Welcome to the future of fashion. One revolutionary company has found a way to make buying and selling clothes much, much more affordable, sustainable, and ethical than ever before. That’s because their clothes are available to buy for your carefully curated Instagram selfies, not your actual wardrobe. Read on to find out more about DigitalX and how they’re changing the industry.
As futuristic as it sounds, it’s actually available to use right now. Instead of having to use real tangible materials to make new and exciting fashion, you can use state-of-the-art technology. You’d simply need to send a chosen photo to the team at DressX, buy the design of your choice, and wait for them to digitally photoshop the garment on your body. Once it’s been done to a high degree, they’ll send you back the altered picture. It’s perfect for when you want to trade out your well-worn clothes for something new and fresh on your Instagram feed.
And there are a lot of real-world benefits to shopping this way. First of all, there’s the price. Their clothes range from affordable high street prices to prices in the three digits, but you’ll still be paying a fraction of the cost if the item had been made IRL. Somebody on Red carpet-worthy gowns or space-age styles that would have ordinarily priced a lot of people out can be in reach of a whole new demographic. The setback? Only your avatar can wear it.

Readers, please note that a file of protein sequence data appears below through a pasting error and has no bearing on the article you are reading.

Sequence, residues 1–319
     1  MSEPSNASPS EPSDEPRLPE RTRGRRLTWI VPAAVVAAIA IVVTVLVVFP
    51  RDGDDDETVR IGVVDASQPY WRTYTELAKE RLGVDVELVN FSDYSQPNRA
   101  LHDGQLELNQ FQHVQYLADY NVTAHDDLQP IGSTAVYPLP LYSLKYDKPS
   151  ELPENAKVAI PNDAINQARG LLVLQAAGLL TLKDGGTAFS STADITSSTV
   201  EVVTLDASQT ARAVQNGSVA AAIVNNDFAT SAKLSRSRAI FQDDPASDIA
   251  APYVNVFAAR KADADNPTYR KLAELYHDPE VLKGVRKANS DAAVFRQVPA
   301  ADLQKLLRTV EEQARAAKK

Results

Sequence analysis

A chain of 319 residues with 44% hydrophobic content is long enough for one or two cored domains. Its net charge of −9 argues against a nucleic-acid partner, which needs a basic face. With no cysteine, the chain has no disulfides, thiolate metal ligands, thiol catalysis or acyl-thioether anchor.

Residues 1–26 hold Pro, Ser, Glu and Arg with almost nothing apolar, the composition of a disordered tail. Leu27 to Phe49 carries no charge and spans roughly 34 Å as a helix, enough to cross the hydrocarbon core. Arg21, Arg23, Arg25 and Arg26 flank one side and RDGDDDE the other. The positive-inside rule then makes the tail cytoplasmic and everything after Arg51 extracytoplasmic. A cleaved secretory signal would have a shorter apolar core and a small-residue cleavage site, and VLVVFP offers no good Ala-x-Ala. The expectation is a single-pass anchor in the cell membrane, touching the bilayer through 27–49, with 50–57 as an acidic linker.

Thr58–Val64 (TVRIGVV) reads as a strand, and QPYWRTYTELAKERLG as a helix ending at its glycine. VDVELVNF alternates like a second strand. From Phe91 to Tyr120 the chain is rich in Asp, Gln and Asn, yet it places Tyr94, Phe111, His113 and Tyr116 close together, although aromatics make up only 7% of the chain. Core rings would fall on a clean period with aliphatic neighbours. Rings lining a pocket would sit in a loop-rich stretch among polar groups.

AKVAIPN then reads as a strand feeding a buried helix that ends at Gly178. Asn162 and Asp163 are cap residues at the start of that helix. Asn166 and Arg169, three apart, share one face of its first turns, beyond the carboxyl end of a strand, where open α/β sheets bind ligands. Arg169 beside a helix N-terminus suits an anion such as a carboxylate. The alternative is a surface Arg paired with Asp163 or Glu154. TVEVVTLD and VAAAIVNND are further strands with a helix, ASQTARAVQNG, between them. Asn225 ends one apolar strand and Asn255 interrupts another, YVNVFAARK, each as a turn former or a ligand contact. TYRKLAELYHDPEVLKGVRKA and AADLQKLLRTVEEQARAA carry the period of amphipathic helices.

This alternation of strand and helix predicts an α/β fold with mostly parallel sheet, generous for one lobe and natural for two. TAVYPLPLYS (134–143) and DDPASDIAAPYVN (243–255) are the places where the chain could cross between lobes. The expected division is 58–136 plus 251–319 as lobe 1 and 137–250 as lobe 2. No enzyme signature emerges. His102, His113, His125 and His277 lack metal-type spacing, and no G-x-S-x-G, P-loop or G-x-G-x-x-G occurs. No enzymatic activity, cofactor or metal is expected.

But that suits a lot of people just fine. With digital clothing, you don’t have to worry about caring for an item, storing it appropriately, or contributing to unbiodegradable waste. You don’t have the pressure of having to purchase from ethical companies. And you can still buy the latest styles or experiment with fashion, without the guilt.
DressX have also started collaborating with augmented reality creators for special collections. One of their digital creators, called Doddz, asks “If [the clothes are] only going to be used as part of your digital presence, then why not use digital clothing?” and he has a point. 70% of the population in the United States have social media accounts, and in the UK nearly one in 10 shoppers admitted to having bought an item of clothing only to put it up on social media once. So as bizarre as it might seem to some people, there is definitely a market for it. So, what do you think? Are digital clothes the future of fashion?